Each copy of a media file, such as copies 154 b–154 e should be segmented into segments of the same size, allowing them to be recombined at different user media devices easily. The predetermined size can be controlled to allow for ease of insertion of advertisements into the segments, such as replicating a broadcast television program. A particular segment would be played, the advertisement insert would then be played, and then the next segment of the file would be played. The media segments may be played back in different ways, such as being played back serially as separate files with the inserted ads, or recombined into one contiguous file which could bypass ad-skipping functionality.
Each segment is then copied and encrypted to several different keys, generating what will be referred to here as segment instances. An example of a matrix of media file segments and different encryptions is shown as copies 154 b–154 e in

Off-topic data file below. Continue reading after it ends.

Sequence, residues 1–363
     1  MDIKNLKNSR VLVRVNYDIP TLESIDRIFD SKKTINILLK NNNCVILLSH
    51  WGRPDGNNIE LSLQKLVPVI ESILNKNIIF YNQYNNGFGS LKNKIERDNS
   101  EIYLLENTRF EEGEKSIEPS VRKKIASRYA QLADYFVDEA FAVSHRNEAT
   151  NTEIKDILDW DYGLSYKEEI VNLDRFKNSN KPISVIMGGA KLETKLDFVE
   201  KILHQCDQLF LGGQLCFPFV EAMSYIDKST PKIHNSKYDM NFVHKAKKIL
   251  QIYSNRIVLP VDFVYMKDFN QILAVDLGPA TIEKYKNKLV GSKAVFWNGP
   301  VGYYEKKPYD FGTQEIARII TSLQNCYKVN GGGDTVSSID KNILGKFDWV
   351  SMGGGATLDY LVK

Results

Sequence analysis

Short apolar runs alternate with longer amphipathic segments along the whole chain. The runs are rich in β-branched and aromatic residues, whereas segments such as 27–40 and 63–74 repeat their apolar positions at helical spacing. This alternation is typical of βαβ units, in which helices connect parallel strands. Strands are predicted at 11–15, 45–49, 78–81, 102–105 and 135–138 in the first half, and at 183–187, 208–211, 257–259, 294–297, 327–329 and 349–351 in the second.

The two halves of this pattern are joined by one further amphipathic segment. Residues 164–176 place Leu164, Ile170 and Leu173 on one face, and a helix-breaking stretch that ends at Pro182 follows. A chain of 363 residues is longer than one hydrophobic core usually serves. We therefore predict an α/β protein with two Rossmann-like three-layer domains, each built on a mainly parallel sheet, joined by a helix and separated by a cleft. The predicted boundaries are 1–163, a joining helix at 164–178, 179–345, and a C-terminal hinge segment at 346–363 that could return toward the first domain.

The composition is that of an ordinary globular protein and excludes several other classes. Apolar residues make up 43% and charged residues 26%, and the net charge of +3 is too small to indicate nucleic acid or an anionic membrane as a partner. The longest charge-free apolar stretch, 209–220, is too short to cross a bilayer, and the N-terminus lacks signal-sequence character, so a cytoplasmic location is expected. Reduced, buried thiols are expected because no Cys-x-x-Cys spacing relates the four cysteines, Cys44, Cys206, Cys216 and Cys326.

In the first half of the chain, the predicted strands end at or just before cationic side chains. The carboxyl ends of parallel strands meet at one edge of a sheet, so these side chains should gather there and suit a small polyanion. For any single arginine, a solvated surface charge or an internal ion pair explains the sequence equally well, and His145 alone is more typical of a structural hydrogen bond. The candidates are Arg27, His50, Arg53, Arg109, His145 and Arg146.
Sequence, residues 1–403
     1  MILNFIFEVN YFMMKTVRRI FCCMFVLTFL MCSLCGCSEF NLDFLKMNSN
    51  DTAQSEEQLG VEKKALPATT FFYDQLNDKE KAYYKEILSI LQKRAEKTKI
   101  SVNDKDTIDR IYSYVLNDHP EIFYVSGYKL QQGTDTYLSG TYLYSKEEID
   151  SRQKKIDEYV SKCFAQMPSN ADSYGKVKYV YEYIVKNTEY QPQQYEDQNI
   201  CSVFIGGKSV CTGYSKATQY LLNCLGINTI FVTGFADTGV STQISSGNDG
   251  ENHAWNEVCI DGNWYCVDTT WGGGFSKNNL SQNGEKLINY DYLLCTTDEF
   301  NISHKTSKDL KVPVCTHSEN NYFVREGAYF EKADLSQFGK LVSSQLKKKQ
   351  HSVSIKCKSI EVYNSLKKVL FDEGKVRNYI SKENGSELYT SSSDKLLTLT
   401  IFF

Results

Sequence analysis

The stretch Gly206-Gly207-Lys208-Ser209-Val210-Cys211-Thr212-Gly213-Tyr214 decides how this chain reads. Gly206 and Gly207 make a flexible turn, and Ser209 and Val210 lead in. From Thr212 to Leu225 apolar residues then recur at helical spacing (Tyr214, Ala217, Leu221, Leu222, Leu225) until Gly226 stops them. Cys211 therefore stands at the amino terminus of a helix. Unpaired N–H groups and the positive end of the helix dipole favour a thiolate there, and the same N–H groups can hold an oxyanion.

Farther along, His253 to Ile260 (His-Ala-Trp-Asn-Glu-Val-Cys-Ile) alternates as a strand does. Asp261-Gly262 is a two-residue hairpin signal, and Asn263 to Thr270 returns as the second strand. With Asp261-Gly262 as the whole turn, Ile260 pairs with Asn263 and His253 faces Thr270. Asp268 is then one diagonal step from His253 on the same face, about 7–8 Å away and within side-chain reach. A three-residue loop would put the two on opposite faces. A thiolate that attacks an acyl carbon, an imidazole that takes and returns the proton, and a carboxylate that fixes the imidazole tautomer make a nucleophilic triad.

As shown in
Additional unique media instances such as that in 164 may be created on subsequent user devices by performing a centrally controlled, peer-to-peer transfer of selected segment instances from media instances 160 and 162. It must be noted that the media instances of all three users are different. The media module would control the download of the media file to the first user and the second user from their respective peer devices such that neither user would receive an identical instance of the same media file.
When the time came to allow the user access to the media file, the ‘key’ used to decrypt the file would actually be a structured key bundle comprised of multiple keys, and containing instructions for the decryption and re-assembly of all segment instances required to create the desired user-viewable media file. Referring to